The objective of better information for consumers is pursued by many Member States. In addition to the European Ecolabel, around half of them have national ecolabel schemes – in the most successful cases reaching 10,000 licensed products in a single country. Policy co-ordination and integration at national level has progressed in many areas: the regular exchange of views and experience provided by the Commission-chaired IPP Regular Meetings is complemented by inter-ministerial working groups for example in the Nordic countries, national IPP co-ordination bodies and dedicated departments for sustainable products and consumption, for example in France and the UK, or the specific department in the state government of Bavaria (Germany).

Member States have also carried forward product specific actions. Denmark, Finland, Sweden and the United Kingdom have arranged product panels involving stakeholders from the whole life cycle. Bavaria has supported a number of eco-design projects on specific products. Notably Italy, Denmark, the Netherlands, Germany, Sweden and France have also actively pursued voluntary agreements with industry on specific targets and actions.

These initiatives are often supported by active work on life-cycle data and methodologies . At least one third of the Member States have been developing tools and promoting life-cycle thinking very actively; some of them have established LCA research centres.

With regards to integrating life-cycle thinking within the operations of organisations, all Member States have measures in place to promote the EU environmental management scheme EMAS .


Industry associations, individual companies and NGOs have co-operated with authorities and researchers at Community, national and local levels. Most product-specific activities , including the Commission's own pilot projects, were only possible with the proactive involvement of industry and NGOs. Industry has also been, and is being, instrumental in making life-cycle information available , notably by contributing to the European Life-Cycle Database.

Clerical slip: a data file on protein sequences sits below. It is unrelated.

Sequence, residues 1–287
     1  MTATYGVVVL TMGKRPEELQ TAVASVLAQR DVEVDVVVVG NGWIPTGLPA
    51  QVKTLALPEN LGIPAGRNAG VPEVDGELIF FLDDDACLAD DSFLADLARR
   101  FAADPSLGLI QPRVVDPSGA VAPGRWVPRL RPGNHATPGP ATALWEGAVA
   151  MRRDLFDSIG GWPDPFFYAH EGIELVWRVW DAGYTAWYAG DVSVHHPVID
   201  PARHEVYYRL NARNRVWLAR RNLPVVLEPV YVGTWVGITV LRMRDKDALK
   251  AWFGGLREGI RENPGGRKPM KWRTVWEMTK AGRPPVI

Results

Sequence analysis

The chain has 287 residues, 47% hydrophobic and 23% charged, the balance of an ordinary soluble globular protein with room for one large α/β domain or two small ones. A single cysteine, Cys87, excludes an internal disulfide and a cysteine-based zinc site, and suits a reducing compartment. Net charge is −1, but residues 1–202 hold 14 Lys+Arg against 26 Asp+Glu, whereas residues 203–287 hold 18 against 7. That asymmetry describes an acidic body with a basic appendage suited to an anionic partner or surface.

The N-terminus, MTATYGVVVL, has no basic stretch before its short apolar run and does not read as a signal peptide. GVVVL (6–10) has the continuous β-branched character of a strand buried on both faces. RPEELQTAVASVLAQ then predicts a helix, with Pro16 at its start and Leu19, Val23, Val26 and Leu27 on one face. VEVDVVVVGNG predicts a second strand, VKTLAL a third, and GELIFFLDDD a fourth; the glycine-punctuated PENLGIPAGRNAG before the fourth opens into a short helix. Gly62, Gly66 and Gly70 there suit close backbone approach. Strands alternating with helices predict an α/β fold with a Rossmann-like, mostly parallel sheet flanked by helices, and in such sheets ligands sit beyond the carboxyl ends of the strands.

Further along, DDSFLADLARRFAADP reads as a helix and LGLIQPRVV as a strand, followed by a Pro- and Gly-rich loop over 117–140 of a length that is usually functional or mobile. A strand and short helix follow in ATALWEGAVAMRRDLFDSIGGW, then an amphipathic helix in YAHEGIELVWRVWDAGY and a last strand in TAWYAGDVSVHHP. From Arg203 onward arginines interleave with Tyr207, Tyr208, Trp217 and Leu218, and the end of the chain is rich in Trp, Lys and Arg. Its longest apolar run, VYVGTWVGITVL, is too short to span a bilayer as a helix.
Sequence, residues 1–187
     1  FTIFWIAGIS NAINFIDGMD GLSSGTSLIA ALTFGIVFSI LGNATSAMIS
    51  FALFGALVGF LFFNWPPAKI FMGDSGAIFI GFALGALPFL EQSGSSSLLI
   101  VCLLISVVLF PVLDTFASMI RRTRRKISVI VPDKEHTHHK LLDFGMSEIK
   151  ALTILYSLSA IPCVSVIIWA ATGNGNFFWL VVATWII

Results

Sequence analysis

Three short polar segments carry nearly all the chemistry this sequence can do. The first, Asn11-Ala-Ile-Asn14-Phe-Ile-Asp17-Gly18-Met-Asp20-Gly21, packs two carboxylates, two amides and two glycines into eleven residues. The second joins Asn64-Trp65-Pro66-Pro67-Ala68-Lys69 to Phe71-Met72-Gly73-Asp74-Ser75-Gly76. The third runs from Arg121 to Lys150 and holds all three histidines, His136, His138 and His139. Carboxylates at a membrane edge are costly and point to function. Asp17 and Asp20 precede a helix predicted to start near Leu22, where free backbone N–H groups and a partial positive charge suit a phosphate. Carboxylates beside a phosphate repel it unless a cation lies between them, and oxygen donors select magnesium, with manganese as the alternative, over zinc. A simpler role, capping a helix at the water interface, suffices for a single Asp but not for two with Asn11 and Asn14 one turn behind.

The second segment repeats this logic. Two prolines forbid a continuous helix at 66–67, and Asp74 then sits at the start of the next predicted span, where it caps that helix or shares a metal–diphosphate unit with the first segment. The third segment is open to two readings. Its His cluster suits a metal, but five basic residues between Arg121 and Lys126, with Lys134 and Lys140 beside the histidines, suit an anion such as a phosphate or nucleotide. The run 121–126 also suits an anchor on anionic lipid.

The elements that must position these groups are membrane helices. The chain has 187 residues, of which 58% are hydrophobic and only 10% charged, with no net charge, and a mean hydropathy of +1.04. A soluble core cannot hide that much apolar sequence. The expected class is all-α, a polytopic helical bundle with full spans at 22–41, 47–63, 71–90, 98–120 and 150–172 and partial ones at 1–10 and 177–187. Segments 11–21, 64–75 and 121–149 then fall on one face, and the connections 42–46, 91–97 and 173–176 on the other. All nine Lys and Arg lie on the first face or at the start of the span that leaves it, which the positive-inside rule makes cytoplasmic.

There has been a significant increase of awareness of life-cycle thinking . Increasingly, industry sectors apply life-cycle thinking to inform their approaches towards product policy and communication with customers and authorities. One typical example is the Eco-profiles initiative of the plastics industry in Europe. Another example is the active participation of industry associations, through the Consultation Forum, in developing implementing measures of the Ecodesign Directive . There is also increasing participation of business in initiatives towards life-cycle based policy development , for example in the Retailers Forum, the European Food SCP Round Table and the BUILD-UP initiative.

Room for Further Action

Altogether significant progress has been made in the EU towards environmentally driven product policies. Nevertheless, with IPP being a process rather than a final status there continues to be ample room for further activities. Some evident options would include:

Further enhancing the role of IPP in national policies . Some Member States have exemplary measures in place but many are still lagging behind. As IPP is an ongoing process, different degrees of progress can also be seen due to wider developments during the reporting period, such as the enlargement of the EU. However, several new Member States have made good progress while several of the EU-15 Member States could step up their efforts.

For environmental NGOs, consumer organizations and SMEs participation in IPP processes and application of its instruments could be further encouraged and facilitated. As a general observation, it seems that more support and dialogue is needed to strengthen awareness of the environmental benefits that life-cycle thinking can bring to reducing the overall negative impacts of products. Many product panels and the pilot projects have demonstrated that this can be achieved particularly well by co-operation on concrete cases.

As already indicated in the IPP Communication, the concept can also be applied to the environmental improvement of non-industrial products and to services . Initiatives in this direction have been launched in the context of the SCP/SIP Action Plan, such as the already mentioned Retail Forum and European Food SCP Round Table.

The 'IPP instruments' of taxation and subsidies have not yet been applied at Community level.

Policy Initiatives from IPP to the SCP/SIP Action Plan

The IPP concept has been elaborated by the Commission at a time of new major initiatives in environmental policy, marking a shift from end-of-pipe to preventive action. At Community level the 6th EAP called for its application to natural resources and waste policy. On the international level, the Johannesburg Summit brought action on sustainable production and consumption patterns to the attention of policy makers.